SACRAMENTO – Assemblymember Rob Bonta (D-Oakland) has introduced AB 368, an innovative “food prescription” pilot program designed to address COVID-19 racial and ethnic health disparities, combat chronic diseases, and reduce health care costs through improved nutrition.
The pilot program’s primary goal is to treat, reverse, and prevent chronic health conditions like diabetes, hypertension, and depression – health conditions that disproportionately impact communities of color.
Under the pilot program, health providers would be able to offer food prescriptions to eligible Medi-Cal beneficiaries with underlying health conditions – particularly those that put them at higher risk for severe COVID-19 – that can be treated with a food prescription.
Food prescriptions are administered by Food as Medicine or other medically supportive food programs such as renewable food prescriptions, produce prescriptions, and healthy food vouchers, boxes, groceries, or prepared meals. Beneficiaries receive nutrient-rich whole food, including fruits, vegetables, legumes, nuts, seeds, whole-grains, lean proteins, and seafood, which may be paired with behavioral, cooking, or nutrition education, coaching, and counseling.
“Just as a health provider would write a prescription for an antibiotic for an infection, a prescription for nutritious food can have the same healing effect,” said Bonta said. “It is morally wrong to have millions of Californians not have adequate access to healthy food because of where they live or their socioeconomic standing.”
“AB 368 is bold, innovative, and ambitious. The current COVID-19 health pandemic is not only harming our families and neighbors, but also draining billions of dollars of state and federal resources,” Bonta said.
According to the U.S. Centers for Disease Control and Prevention (CDC), hospitalizations were six times higher, ICU admissions five times higher, and deaths 12 times higher for COVID-19 patients with underlying medical conditions compared to those without.
AB 368 would establish a food prescription pilot program in partnership with Medi-Cal managed care plans in three counties as a multi-level partnership across each area. Currently, the county of Alameda has a medically supportive food program that would serve as the framework on the expansion of food prescriptions. Medi-Cal beneficiaries are an especially important population in light of the COVID-19 pandemic and the disproportionate impact it is having on low-income households and communities of color.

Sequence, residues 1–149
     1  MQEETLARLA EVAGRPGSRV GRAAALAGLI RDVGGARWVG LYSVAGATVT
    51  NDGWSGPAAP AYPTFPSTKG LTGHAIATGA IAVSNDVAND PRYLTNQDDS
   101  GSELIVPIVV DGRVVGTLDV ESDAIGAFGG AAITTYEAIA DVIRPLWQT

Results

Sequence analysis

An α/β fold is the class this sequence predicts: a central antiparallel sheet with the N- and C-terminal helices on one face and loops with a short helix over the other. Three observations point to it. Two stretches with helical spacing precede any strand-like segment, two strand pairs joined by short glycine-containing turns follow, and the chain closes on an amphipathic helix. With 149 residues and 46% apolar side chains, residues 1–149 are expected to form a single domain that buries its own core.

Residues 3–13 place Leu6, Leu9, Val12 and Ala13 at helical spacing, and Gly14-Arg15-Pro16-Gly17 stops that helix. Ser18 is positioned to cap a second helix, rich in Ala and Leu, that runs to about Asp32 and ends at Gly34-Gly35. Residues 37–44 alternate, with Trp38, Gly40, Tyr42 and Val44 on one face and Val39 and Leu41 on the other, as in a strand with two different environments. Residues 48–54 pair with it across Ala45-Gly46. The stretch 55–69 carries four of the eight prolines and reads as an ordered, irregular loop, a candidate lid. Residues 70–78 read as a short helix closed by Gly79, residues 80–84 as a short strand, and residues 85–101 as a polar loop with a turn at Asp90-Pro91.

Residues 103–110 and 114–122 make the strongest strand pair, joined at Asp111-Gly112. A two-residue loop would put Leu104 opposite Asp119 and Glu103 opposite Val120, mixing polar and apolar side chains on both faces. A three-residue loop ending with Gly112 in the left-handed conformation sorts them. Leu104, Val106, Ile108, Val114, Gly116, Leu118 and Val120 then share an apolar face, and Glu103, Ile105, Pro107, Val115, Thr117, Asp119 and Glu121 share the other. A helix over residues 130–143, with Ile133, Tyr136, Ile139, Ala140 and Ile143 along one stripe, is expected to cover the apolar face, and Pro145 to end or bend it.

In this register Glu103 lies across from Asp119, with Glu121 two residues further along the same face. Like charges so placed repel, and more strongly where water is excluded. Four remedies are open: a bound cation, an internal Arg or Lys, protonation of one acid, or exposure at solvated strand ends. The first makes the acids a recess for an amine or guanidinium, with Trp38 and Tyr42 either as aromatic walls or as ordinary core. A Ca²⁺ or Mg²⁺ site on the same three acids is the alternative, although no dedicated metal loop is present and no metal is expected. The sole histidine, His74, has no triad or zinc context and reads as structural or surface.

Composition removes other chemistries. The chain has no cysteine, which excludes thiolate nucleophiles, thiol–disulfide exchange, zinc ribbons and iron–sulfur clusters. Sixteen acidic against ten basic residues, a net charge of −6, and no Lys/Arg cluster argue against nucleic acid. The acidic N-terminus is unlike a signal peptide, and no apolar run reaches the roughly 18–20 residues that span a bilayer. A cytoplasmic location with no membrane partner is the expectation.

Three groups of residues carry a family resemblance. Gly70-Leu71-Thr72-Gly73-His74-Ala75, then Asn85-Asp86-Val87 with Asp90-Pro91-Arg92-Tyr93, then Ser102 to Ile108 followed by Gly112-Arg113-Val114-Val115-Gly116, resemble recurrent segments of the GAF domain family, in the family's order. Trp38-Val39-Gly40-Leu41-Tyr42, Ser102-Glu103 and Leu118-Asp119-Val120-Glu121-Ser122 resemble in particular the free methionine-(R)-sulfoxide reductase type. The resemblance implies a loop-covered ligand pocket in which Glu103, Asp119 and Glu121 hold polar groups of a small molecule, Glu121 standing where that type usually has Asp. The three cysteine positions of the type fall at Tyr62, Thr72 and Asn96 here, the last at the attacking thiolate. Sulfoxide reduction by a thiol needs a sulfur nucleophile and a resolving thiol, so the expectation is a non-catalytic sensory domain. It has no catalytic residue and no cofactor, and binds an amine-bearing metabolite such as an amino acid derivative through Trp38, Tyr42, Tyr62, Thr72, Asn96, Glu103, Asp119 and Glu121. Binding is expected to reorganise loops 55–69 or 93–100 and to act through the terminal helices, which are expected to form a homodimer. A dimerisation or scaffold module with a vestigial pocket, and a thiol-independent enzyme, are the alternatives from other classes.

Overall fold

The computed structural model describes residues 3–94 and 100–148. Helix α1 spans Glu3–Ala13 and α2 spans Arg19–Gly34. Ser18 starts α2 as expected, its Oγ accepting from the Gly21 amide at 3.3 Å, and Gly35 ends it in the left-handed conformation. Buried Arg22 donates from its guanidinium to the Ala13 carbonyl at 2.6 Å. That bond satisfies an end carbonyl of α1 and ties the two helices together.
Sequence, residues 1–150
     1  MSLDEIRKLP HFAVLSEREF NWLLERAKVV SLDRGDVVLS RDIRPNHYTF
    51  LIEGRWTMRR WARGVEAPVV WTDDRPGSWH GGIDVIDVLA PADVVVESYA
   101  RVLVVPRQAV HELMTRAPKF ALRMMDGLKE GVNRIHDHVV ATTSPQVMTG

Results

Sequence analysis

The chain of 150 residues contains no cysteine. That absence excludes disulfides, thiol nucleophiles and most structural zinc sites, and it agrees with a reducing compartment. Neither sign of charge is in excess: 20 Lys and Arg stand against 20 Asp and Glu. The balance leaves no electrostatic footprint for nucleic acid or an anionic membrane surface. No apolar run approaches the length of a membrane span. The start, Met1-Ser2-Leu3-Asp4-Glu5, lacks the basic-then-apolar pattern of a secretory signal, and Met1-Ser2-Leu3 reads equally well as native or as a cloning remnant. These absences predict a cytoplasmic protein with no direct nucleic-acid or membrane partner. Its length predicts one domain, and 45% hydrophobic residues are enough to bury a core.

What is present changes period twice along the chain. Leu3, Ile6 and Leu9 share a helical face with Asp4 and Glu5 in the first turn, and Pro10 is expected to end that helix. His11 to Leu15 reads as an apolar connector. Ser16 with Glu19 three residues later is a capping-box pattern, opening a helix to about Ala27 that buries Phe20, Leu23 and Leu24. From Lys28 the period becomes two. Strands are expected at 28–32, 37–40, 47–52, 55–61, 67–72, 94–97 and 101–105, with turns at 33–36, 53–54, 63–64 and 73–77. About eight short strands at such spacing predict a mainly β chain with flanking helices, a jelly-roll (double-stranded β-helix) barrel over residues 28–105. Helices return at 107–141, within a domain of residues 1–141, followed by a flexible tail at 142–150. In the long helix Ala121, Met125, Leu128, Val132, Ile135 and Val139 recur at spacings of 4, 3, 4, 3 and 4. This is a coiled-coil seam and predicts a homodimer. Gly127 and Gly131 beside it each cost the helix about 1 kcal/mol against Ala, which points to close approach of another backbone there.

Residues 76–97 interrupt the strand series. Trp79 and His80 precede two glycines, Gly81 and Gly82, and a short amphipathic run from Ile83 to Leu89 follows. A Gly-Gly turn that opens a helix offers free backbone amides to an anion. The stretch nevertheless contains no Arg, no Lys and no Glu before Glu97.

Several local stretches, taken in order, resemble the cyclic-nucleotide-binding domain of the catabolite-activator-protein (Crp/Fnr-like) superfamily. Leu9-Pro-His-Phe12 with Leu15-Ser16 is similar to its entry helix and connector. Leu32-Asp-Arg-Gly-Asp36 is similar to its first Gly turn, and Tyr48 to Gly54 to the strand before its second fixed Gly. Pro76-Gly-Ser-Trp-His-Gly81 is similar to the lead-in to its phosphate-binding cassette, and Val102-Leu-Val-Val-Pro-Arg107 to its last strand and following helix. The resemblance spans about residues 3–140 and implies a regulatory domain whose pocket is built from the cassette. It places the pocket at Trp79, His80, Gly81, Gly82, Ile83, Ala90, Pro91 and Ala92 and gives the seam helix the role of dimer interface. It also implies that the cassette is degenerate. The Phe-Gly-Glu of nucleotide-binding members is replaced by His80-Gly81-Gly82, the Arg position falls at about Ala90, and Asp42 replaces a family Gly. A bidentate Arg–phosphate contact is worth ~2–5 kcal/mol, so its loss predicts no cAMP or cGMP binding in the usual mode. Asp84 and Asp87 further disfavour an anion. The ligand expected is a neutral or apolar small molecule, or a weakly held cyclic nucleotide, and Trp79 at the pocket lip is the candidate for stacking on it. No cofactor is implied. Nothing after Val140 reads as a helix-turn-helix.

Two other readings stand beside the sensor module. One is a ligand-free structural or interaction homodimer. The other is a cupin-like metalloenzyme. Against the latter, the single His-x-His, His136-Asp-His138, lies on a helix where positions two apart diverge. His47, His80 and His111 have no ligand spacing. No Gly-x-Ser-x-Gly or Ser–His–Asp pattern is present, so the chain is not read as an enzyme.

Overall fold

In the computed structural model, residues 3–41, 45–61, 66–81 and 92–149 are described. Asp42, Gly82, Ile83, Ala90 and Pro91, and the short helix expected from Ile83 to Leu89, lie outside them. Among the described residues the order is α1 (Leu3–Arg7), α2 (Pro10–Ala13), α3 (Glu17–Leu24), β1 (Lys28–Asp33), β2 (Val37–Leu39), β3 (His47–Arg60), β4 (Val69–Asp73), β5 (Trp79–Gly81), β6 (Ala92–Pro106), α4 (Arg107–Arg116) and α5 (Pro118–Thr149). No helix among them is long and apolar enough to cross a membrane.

“By addressing underlying health conditions impacting communities of color, we can also make them more resilient in the face of the pandemic,” said Alameda County Supervisor Wilma Chan, an early champion of medically supportive food interventions. “We need only look at statistics from the California Department of Public Health to see that African-Americans and Latinx represent a disproportionately higher percentage of COVID-19 deaths and hospitalizations compared to their representation in the population partly due to higher levels of preexisting health conditions and poverty in their communities.”
“Today, more than 130 million Americans are affected by chronic diseases that are often preventable, treatable, and reversible with food as medicine. COVID-19 has magnified the connection between chronic diseases and other health inequities such as food insecurity, social isolation, and racism,” said Dr. Steven Chen, Chief Medical Officer for ALL IN Alameda County. “COVID is requiring us to work differently across silos to advance health equity and build healthier communities.”
“The Food as Medicine initiative in Alameda County demonstrates that a partnership between government, health plans, health providers and Medi-Cal recipients reduces disparities and potentially saves millions of dollars from avoided emergency room visits, hospitalizations, and medication utilization,” said Dr. Larissa Estes-White, Director of ALL IN Alameda County. “This model takes a whole person, whole community approach that build resilience and will transform the quality of life of many individuals, families, and communities through the healing effects of food and move us forward on the road to COVID-19 recovery.”
Similar programs have been established in several California communities including San Francisco and Alameda County, but lack of funding has delayed the expansion of these interventions into the most impacted communities in California, including rural communities.
AB 368 is sponsored by Alameda County in conjunction with Supervisor Wilma Chan and ALL IN Alameda County. Legislation to provide medically supportive food to Medi-Cal beneficiaries has also been recommended by the COVID-19 Racial Disparities Task Force, which was co-chaired by Assemblymember Bonta, Supervisor Chan, City of Oakland Mayor Libby Schaaf, and Dr. Tony Iton, Senior Vice President at The California Endowment.
Assemblymember Rob Bonta represents the 18th Assembly District, which includes the cities of Oakland, Alameda, and San Leandro and is the Assistant Majority Leader.